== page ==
- Author(s): Jean-Pierre Cartron, Yves Colin
- Key words: blood groups, Rh antigens, D epitope mapping, red cell membrane, null phenotypes.
- Page(s) : 207-20
- Published in: 1997
The Rh blood group antigens are carried by a family of nonglycosylated hydrophobic transmembrane proteins of 30-32 kDa which are missing from the red cells of rare Rhnull individuals that exhibit several membrane defects. The Rh proteins (D and Cc/Ee, respectively) are encoded by two homologous genes RHD and RHCE (96 % sequence identity) tandemly organized on chromosome 1p34-p36, and which most likely derived by duplication of a common ancestral gene. The D and non-D proteins (417 amino acids) differ by 35 substitutions and exhibit a similar membrane topology with short hydrophilic loops connecting the twelve putative transmembrane helices.
The molecular basis of the RH genes and proteins polymorphisms have been established by analysis of many common and rare variants. The presence or the absence of the RHD gene and of its product determined the basis of the Rh-positive and Rh-negative phenotypes, respectively, whereas amino acid polymorphisms at positions 103 and 226 of the RHCE gene product determined the molecular basis for the C/c (Ser Æ Pro) and E/e (Pro Æ Ala) specificities, respectively. Other polymorphisms occur by gene conversion between the two RH genes and by single point mutations. Comparative analysis of the immunological and molecular anomalies typical of partial D phenotypes (D-positive individuals that produce alloanti-D antibodies) provided a preliminary mapping of the D epitopes on the D polypyptide.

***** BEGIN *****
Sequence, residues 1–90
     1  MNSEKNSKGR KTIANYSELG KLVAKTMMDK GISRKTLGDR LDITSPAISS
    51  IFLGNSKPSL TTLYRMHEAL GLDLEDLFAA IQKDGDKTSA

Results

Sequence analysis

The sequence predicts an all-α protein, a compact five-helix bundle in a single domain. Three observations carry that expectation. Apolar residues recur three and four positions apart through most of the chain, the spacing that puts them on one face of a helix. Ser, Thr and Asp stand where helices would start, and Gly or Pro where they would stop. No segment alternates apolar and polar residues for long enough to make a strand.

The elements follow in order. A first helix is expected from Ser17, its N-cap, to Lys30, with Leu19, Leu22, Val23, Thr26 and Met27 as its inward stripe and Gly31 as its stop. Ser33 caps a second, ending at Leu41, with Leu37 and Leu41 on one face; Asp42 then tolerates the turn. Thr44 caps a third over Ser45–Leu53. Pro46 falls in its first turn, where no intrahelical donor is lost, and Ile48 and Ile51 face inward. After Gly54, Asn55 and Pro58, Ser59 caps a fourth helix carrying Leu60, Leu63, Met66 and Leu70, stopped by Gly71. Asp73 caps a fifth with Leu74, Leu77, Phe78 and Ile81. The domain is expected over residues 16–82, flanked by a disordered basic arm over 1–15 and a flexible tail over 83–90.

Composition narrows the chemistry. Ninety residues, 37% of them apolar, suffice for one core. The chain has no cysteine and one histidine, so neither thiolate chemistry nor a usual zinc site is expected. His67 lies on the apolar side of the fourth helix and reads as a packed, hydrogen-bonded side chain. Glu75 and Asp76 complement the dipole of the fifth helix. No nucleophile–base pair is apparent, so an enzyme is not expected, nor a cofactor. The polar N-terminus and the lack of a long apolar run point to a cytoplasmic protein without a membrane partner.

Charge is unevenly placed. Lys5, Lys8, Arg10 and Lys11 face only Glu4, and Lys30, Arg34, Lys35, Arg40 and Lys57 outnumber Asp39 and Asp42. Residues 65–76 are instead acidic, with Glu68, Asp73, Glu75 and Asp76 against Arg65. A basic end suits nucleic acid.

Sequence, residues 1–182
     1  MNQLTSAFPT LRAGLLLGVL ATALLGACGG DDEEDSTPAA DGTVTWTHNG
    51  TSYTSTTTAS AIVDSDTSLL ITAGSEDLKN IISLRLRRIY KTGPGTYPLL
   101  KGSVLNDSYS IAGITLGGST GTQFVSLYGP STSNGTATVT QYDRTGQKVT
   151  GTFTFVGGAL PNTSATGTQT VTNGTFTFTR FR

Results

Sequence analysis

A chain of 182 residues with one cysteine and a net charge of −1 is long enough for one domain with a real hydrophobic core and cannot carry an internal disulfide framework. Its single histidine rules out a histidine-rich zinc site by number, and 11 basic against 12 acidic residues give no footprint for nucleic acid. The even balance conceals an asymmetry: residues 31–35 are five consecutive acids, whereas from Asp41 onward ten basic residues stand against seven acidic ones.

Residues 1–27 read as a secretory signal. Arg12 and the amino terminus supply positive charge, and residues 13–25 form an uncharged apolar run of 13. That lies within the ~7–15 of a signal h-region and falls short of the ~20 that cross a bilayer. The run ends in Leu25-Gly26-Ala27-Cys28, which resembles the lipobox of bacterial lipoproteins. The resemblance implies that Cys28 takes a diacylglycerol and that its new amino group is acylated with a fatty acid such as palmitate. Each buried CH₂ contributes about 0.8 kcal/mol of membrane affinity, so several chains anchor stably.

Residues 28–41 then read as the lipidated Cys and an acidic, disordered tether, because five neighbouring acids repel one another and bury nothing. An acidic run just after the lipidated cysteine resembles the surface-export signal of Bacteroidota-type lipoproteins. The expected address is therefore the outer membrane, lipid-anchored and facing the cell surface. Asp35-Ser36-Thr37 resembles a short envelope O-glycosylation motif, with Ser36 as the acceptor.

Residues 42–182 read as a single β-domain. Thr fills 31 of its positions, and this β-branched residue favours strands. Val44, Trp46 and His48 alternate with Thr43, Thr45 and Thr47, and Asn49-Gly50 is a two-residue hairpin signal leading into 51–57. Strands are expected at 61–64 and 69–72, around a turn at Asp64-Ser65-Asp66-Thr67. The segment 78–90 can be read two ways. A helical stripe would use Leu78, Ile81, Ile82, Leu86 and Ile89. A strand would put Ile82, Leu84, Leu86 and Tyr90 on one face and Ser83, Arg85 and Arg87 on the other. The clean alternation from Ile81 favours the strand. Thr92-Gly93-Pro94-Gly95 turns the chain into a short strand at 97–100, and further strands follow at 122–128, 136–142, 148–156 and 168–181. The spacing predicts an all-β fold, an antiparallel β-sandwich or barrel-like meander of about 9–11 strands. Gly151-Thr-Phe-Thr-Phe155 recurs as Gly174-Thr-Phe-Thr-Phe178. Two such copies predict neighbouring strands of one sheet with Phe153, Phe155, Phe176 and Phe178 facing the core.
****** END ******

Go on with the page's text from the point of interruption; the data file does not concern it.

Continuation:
Rhnull individuals suffer a clinical syndrome of varying severity and their red cells are characterized by abnormalities of the morphology, the function (cation transport) and the membrane phospholipid asymmetry. In addition to the Rh proteins, several other glycoproteins (Rh50, CD47, LW, GPB) are absent or severely decreased on these cells. These findings suggest that the Rh proteins are assembled by non covalent linkages into a complex with these glycoproteins. Molecular analysis indicate that most cases of Rh deficiency are caused by mutations within the gene encoding the Rh50 subunit. Further studies should clarify the trafficking, assembly and potential function of each component in this complex.